Multiplicity (chemistry)

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Multiplicity in quantum chemistry is used to distinguish between several degenerate wavefunctions that differ only in the orientation of their angular spin momenta. It is defined as 2S+1, where S is the angular spin momentum.[1] Multiplicity is the number of possible orientations of spin angular momenta.

Multiplicity is the quantification of the amount of unpaired electron spin. Multiplicity is a result of Hund's rule which favors the single filling of degenerate (same energy) orbitals. The result is the filling of multiple orbitals with electrons or multiplicity. Multiplicity is calculated using the expression 2 S + 1, where S = Σms or, more simply put, S = ½(No. of unpaired electrons in the shell). When all electrons are paired S = 0, and the multiplicity = 2(0) + 1 = 1. This case is called a singlet. If a molecule has 1 unpaired electron S = +½ and 2S + 1 = 2, which is called a doublet. Two unpaired electrons would result in a triplet, etc. Atoms and molecules with odd multiplicities are usually more stable than those with even multiplicities. The singlet ground state is S0, excited singlet states are Si where I = the number of states above ground state it is, for doublet states it's Di, for triplet states it's Ti, etc. As a result of spin orbital interactions energy levels may split into 2S+1 sublevels. Atoms and molecules with ground states with a multiplicity of 1 and excited states with a multiplicity of 1 and 3 tend to be stable. When S > L (the total orbital angular momentum possible) there are only 2L+1 orientations of total angular momentum possible.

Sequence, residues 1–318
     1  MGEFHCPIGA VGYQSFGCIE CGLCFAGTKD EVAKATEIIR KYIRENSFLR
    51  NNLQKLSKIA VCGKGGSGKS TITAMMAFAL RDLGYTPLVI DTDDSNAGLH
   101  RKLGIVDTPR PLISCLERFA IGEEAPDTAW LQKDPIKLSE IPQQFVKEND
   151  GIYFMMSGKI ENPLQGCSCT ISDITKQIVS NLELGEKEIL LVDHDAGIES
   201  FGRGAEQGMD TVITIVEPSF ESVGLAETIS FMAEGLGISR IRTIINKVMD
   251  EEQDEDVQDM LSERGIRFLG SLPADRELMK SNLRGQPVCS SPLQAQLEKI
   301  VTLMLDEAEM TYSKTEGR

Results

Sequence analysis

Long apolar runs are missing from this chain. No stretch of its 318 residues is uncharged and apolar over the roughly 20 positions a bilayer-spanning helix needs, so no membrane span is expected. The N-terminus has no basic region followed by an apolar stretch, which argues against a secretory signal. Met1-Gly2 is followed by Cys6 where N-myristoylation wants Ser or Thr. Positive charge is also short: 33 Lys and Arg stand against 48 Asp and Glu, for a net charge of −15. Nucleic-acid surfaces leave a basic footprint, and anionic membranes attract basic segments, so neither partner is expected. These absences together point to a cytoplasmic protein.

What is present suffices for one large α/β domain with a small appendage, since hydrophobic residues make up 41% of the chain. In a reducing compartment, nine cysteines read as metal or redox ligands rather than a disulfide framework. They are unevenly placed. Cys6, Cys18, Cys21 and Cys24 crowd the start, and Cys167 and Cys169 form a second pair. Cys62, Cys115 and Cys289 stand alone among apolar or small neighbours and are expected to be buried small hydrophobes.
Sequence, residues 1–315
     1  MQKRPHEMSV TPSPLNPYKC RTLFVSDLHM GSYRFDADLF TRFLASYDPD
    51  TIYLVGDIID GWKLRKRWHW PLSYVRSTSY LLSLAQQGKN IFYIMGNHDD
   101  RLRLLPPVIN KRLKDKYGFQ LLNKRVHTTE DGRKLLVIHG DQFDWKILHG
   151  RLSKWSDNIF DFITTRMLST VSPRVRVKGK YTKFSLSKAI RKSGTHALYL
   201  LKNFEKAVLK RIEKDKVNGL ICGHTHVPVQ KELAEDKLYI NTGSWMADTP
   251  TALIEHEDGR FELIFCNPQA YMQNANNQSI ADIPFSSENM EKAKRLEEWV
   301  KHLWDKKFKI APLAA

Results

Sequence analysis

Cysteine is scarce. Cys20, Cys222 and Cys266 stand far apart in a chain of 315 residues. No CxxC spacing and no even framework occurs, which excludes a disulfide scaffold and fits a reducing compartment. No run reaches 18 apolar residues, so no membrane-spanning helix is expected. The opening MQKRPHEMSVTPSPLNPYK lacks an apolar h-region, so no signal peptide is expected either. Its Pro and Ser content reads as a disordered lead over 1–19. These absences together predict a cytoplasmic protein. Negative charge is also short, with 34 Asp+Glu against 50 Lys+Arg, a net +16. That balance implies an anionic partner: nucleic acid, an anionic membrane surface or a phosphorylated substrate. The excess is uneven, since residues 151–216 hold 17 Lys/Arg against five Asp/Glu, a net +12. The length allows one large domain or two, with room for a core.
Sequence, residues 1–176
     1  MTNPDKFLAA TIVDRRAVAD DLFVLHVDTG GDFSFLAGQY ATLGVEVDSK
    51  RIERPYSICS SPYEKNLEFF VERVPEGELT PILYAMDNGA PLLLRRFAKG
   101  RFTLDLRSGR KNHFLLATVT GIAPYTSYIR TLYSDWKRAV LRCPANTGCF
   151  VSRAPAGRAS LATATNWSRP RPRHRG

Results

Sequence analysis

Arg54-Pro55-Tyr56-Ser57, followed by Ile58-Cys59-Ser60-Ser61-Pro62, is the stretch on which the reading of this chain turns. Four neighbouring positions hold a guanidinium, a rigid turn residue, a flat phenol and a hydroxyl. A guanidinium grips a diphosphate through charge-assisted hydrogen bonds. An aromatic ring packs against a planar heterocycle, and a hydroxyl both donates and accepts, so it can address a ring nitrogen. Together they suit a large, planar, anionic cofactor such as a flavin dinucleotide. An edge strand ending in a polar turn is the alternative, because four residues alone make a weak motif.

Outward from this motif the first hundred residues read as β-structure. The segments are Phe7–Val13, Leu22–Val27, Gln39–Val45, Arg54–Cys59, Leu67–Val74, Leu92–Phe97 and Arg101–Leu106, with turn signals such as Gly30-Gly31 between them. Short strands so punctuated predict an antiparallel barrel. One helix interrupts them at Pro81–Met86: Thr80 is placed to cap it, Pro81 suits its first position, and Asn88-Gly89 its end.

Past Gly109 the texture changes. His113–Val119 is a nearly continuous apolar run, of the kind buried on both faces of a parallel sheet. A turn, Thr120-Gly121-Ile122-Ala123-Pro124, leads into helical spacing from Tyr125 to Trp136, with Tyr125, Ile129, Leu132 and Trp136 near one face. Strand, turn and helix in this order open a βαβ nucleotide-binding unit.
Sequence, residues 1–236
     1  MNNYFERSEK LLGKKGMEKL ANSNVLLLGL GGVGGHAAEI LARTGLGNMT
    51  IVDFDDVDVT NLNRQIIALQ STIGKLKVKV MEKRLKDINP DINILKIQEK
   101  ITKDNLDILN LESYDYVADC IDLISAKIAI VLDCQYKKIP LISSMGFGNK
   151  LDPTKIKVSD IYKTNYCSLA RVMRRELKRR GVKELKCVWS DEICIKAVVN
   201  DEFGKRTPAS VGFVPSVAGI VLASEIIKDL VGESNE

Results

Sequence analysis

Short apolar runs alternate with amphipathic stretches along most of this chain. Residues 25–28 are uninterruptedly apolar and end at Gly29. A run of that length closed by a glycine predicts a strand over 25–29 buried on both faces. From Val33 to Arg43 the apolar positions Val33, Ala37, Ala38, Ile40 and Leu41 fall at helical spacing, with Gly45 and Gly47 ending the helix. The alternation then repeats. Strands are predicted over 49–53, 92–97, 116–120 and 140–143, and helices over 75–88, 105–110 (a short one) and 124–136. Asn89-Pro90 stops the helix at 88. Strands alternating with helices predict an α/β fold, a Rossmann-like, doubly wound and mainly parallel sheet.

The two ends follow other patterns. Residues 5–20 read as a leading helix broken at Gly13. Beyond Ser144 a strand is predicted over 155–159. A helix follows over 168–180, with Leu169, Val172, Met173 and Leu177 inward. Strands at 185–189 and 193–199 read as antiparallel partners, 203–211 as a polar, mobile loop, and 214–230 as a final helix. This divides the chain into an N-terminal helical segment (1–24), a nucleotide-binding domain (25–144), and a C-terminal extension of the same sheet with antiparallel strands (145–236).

In carbenes[edit]

In organic chemistry, carbenes are molecules which have carbon atoms with only have six valence electrons and therefore disobey the octet rule.[2] Carbenes generally split into singlet carbenes and triplet carbenes, named for their spin multiplicities. Both have two non-bonding electrons; in singlet carbenes these exist as a lone pair and are spin-paired, while in triplet carbenes these electrons are spin-parallel.[3]